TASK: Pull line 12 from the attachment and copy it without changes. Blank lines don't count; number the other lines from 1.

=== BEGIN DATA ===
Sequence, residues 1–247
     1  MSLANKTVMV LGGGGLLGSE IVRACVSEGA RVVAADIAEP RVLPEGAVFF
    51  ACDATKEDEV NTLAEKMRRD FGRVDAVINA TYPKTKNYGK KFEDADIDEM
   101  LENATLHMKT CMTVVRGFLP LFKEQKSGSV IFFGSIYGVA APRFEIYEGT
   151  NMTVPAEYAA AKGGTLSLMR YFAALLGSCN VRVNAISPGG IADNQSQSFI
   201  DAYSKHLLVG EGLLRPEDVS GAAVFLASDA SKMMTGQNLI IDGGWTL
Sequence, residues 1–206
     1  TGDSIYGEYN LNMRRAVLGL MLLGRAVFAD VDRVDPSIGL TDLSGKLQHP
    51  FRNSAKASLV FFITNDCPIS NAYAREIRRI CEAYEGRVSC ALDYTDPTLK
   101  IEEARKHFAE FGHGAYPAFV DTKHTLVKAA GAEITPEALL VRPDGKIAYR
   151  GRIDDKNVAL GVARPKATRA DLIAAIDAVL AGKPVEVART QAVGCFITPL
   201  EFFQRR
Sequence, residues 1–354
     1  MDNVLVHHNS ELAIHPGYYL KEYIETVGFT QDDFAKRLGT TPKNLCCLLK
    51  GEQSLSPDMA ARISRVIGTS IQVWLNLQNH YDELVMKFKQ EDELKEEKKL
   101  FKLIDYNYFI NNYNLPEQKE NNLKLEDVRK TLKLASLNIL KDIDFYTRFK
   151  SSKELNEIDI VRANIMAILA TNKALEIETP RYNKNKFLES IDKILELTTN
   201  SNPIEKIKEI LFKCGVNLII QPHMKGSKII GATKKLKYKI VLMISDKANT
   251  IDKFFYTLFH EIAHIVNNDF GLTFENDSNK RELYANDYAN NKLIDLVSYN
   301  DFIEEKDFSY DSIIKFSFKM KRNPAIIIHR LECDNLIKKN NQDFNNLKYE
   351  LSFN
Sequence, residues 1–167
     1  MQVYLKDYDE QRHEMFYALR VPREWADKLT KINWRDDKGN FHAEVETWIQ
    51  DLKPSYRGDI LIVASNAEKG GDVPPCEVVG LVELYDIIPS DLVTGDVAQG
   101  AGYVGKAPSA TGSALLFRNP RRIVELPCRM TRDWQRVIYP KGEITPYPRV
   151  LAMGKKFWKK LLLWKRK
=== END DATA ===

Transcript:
   201  EFFQRR